For the General Public:
Clean Indoor Air Locations
When air quality is unhealthy, residents can access locations throughout the community that are open to the public with clean indoor air. A sample of locations in Marin County is provided in the link below. Please call first to verify the facility is open and space is available.
Clean Indoor Air Locations (PDF) | Google Map
Please be aware that with shifting winds and poor wildfire containment air quality can change drastically in a short period of time.
Smoke from wildfires can affect health. The most common symptoms are eye and throat irritation, coughing, and difficulty breathing. Those with health problems, especially heart or respiratory conditions, should take extra caution. Follow these precautions to protect your health:
- Minimize outdoor activities.
- Stay indoors with windows and doors closed as much as possible.
- Do not run fans that bring smoky outdoor air inside.
- Run your air-conditioner only if it does not bring smoke in from the outdoors.
- Consider leaving the area until smoke conditions improve if you experience symptoms related to smoke exposure.
For Outdoor Workers:
- Limit exertion;
- Take frequent breaks;
- If prolonged outdoor activity is unavoidable, proper masks (for example N95 masks) can protect against harmful exposure.
- Bandanas and typical surgical masks DO NOT protect against wildfire smoke particles.
- Consult with your employer if you have specific concerns.
- Outdoor activities should be limited.
- Windows and doors should be kept shut as much as possible.
- When air quality is unhealthy, activities such as athletic events or practices should be cancelled or rescheduled.
- Watch for symptoms and take action as needed.
- Students with asthma should follow their asthma action plans and keep their quick-relief medicine close at hand.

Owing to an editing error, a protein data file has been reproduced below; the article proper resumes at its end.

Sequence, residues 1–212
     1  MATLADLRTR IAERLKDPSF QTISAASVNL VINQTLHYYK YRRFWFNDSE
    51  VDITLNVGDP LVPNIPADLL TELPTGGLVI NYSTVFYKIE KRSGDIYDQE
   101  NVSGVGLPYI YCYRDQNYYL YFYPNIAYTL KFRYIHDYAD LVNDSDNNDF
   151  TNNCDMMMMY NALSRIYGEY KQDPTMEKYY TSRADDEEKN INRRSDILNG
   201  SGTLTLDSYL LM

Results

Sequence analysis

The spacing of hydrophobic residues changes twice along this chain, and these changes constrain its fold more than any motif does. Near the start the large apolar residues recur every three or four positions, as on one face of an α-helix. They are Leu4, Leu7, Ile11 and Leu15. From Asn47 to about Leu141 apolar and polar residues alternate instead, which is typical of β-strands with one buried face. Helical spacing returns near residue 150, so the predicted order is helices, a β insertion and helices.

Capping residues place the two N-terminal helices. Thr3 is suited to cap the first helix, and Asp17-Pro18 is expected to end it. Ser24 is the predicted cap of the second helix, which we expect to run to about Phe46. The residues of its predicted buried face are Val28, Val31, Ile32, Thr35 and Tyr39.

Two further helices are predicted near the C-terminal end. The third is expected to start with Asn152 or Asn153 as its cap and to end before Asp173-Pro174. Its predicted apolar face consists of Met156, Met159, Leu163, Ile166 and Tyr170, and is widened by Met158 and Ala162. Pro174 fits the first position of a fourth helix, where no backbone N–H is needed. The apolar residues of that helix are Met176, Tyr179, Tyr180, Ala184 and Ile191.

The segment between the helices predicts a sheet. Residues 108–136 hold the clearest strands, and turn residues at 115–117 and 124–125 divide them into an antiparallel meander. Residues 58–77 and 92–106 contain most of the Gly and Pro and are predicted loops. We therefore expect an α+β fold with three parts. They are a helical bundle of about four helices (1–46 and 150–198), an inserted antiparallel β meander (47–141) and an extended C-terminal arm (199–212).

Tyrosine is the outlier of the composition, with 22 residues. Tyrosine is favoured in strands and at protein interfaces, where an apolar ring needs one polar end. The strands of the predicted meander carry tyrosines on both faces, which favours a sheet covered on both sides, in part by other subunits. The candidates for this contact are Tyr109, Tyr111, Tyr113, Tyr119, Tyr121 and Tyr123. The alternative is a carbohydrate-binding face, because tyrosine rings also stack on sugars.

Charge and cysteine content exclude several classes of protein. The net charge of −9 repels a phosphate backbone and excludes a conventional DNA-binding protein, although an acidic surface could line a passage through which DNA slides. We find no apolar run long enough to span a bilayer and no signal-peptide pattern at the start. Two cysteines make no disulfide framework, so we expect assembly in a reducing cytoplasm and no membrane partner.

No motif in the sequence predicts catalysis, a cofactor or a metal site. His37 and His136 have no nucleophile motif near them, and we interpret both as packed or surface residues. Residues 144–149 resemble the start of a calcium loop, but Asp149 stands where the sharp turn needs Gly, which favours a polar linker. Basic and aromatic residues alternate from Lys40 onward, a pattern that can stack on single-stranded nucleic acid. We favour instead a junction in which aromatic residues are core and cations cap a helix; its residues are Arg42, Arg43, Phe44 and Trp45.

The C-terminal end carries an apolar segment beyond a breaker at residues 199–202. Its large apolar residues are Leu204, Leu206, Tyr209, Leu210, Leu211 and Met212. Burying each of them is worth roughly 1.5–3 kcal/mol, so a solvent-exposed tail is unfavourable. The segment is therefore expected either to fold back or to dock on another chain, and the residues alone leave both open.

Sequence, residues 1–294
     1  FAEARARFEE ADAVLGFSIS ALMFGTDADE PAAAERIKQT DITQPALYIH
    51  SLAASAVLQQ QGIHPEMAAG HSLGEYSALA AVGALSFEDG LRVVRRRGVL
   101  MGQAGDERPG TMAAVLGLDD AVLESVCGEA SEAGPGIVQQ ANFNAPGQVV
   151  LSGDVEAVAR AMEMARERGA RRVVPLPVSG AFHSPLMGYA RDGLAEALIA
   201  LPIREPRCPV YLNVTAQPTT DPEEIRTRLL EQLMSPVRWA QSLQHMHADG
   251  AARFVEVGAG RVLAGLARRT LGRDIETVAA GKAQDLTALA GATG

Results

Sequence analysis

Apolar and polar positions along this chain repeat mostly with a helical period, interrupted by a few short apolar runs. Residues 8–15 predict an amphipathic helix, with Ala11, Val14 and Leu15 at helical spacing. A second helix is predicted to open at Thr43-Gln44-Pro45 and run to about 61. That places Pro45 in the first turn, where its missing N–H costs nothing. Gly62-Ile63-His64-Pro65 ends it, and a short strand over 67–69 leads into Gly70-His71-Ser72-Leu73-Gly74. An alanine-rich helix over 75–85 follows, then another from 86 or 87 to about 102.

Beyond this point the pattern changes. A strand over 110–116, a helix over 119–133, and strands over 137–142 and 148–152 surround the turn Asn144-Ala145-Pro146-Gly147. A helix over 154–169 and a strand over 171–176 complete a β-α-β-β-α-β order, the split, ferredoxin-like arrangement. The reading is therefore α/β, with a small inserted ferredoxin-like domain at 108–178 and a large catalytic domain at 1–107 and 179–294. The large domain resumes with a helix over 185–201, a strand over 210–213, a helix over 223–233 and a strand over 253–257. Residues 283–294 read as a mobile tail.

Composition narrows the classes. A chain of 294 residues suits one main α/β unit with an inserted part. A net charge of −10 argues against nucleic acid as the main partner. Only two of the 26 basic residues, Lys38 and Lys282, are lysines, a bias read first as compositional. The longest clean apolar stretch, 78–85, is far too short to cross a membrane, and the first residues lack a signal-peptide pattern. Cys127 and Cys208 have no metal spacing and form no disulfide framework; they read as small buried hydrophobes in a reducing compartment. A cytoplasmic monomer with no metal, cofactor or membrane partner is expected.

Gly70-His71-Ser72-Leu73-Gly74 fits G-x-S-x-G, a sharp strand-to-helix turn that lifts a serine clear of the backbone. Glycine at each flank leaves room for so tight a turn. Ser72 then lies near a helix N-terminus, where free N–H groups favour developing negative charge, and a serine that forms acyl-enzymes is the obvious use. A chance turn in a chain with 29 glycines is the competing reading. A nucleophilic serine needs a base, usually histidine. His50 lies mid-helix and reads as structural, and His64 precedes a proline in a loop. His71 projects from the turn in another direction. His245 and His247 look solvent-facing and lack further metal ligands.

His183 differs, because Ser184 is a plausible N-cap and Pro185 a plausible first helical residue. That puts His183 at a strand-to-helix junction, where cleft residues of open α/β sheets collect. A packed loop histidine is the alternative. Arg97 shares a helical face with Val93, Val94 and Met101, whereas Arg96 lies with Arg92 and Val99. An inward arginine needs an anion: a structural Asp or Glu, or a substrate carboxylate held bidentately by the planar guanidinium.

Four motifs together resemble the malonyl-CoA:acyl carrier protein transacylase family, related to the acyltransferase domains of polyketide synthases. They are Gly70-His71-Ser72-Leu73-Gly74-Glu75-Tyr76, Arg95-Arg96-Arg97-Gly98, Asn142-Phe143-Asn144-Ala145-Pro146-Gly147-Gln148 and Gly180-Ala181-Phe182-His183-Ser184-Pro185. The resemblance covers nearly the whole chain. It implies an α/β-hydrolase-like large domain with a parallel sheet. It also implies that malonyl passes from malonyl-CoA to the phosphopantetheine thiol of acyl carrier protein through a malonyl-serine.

When to Seek Medical Attention:
Contact your health care provider if you experience the following symptoms that do not improve after moving indoors or into a safe air quality environment:
- Shortness of breath or difficulty breathing
- Chest tightness or pain
- Nausea or unusual fatigue
- Lightheadedness and/or feeling faint
Information on Masks:
The following do not protect your lungs from wildfire smoke:
- Bandanas or towels (wet or dry) or tissue held over the mouth and nose.
- Paper “dust mask” or surgical masks that hooks around your ears.
For those who cannot avoid prolonged activities outdoors “respirator masks” labeled N95 or N100 may provide some protection.
- Individuals with respiratory conditions should consult their doctor before using a mask— masks can limit air flow and make it more difficult to breathe.
- The respirator masks do not seal well on people with facial hair or beard.
- Respirator masks are sized for adult faces and don’t provide protection for young children.
- Respirator masks filter fine particles but not gases in wildfire smoke.
- Respirators are sold at many pharmacies, hardware stores, and home repair stores.
- Employers of outdoor workers should offer respirator masks for their employees who cannot be placed on indoor duties.
As always, if you or someone you know is experiencing an emergency, call 9-1-1.
For more information about air quality, go to the Bay Area Air Quality Management District webpage, www.baaqmd.gov.